The Federal Communications Commission (FCC) approves the licenses that grant amatuer radio enthusiasts the legal authority to transmit radio waves for personal use. Non-commercial applications of amatuer radio wave transmission include: organization during emergencies and providing communication channels for people to interact throughout the world. The origination of the term "ham" has been lost over the years, but many amatuer radio enthusiasts believe the term refers to amatuer. While ham radios have advanced technologically, especially since the 1980s, a ham radio’s quality is largely determined by what type of antenna an operator uses to transmit and receive radio signals.
History of Ham Radios
The birth of ham radio is associated with the experimentation performed by inventors at the turn of the 20th century. After the Titanic sank in 1912, the United States Congress passed a law that restricted radio wavelengths to shorter than 200 meters, thus rendering radio transmissions ineffective. The number of amatuer radio enthusiasts in America was estimated to have declined by 88 percent. After new laws loosened the restrictions, the number of ham radio operators began to rise, only to fall again during both World Wars. Amatuer radio operators contributed to the development of automated message systems and packet radio transmissions, which allowed the hobby to become a practical way for people to communicate during and after disasters. In 2006, the FCC eliminated Morse code testing requirements for all American amatuer radio license applicants, which once again increased the number of amatuer radio enthuisasts.
Before ham radio operators can begin to configure ham radio antennas, they must become licensed in the country where they operate. Ham radio operators are required to prove their knowledge of key concepts and they must completely understand the laws that apply to ham radio operators. The key concepts and laws vary by country. One of the most important aspects of licensing is to ensure operators understand the regulations that apply in their country of operation. Passing an examination typically qualifies someone to become a licensed ham radio operator, but some governments recognize professional or academic qualifications. For instance, in some countries, someone who has earned an electrical engineering degree may be able to bypass taking an examination. Some countries offer progressive examinations, which allow ham radio operators to attain licenses. Licensed ham radio operators have the requisite knowledge to buy the type of ham radio antenna that meets their geographic parameters and transmission objectives.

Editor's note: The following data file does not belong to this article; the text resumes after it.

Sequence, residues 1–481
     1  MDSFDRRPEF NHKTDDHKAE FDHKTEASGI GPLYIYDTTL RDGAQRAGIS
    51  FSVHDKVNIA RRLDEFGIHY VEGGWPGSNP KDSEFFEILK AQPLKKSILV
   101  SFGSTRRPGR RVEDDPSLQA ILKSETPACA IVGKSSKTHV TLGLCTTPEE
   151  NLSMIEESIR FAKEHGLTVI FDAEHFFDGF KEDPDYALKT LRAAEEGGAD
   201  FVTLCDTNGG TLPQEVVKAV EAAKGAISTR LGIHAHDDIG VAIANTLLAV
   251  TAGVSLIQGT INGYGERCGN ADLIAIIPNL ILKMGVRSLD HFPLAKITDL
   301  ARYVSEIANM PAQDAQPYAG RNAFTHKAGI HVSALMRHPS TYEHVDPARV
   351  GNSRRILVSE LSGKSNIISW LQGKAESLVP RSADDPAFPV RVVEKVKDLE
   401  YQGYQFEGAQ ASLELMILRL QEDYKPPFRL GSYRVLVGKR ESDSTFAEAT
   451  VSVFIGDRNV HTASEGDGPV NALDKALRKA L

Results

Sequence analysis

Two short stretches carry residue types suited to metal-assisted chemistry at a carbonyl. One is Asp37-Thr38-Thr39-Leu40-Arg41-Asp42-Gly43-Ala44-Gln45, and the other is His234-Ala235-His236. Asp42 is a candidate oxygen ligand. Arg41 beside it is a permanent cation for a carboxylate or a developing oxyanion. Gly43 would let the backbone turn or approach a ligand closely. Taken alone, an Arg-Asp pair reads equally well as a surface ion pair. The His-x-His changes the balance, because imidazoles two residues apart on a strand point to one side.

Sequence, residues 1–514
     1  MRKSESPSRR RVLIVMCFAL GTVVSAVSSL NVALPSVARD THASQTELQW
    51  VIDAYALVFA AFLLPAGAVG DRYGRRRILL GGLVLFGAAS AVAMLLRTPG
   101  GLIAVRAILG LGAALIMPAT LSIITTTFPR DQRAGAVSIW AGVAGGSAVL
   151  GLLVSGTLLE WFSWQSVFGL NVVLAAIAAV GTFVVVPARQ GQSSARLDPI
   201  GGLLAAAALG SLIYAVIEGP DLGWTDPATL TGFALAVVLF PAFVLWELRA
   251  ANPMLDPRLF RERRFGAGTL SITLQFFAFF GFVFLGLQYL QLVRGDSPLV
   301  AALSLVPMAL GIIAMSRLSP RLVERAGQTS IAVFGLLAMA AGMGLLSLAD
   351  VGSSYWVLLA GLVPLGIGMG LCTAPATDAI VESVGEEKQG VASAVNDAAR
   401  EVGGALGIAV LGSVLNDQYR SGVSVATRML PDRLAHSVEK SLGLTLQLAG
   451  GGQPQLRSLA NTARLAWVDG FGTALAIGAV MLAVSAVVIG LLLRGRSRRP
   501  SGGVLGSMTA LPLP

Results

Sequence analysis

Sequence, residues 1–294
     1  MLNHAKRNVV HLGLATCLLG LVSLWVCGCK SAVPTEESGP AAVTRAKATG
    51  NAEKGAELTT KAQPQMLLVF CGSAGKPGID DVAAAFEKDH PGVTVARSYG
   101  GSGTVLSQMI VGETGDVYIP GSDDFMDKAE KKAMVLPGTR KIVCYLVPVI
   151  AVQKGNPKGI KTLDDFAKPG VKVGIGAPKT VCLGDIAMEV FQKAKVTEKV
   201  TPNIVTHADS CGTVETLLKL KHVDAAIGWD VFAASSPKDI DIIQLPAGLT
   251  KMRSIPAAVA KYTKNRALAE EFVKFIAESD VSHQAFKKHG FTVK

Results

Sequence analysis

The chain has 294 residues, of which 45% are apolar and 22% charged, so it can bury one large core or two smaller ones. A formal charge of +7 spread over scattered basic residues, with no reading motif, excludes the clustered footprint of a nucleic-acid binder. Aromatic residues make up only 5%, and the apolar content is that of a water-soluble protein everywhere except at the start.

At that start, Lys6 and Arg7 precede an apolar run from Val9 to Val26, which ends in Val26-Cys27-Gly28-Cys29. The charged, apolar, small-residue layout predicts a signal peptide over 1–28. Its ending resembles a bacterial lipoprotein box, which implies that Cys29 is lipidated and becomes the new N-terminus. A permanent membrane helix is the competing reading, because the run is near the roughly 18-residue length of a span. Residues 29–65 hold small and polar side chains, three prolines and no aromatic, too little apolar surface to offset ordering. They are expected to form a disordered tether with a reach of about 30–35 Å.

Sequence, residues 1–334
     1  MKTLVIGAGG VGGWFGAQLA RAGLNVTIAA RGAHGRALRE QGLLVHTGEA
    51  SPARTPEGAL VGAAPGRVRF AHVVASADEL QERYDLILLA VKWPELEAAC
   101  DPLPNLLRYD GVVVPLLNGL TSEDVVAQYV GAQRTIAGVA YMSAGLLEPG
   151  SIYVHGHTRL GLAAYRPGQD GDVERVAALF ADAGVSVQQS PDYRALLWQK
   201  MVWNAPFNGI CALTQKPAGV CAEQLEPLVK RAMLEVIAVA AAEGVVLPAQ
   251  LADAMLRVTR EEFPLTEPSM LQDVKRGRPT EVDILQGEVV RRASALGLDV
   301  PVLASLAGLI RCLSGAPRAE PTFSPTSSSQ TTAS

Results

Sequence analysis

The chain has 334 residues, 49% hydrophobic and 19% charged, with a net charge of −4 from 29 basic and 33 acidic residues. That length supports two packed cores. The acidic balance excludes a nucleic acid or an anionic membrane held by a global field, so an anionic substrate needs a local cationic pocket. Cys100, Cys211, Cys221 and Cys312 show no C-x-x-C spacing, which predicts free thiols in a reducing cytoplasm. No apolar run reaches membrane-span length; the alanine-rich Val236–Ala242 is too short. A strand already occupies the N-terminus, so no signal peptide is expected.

Factors for Choosing a Ham Radio Antenna
Choosing a ham radio antenna depends on five factors. The weight given to each factor ultimately determines what antenna an operator may purchase.
Operating a ham radio can be an expensive proposition, from paying for licensing examinations to purchasing a ham radio. However, purchasing the antenna is where operators feel the greatest financial pinch. Operators have to decide whether to invest in a commercially made ham radio antenna or buy the parts to build their own antenna. Either way, cost plays a huge role in determining what type of antenna an operator buys.
Ham radio antennas must be able to withstand weather elements. Ice, wind, lightning, and intense heat can negatively affect a ham radio antenna’s lifespan. Operators who live in areas that experience extreme weather conditions may want to place durability at the top of their ham radio antenna criteria lists.
Ham radio operators have to decide if they want to transmit and receive radio signals from all over the world or just from neighboring counties. They must determine how much interference they are willing to tolerate. Security is an important aspect of performance, since crowded frequencies can allow someone to eavesdrop on conversations.
The United States federal government has increased its regulation of ham radio operators. The FCC issues new regulations on the heels of bills passed by Congress. All ham radio operators must abide by federal laws, but local ordinances and regulations often determine what type of antenna an operator buys. However, conflicting zoning laws may require some ham radio operators to seek clarification from their local governments.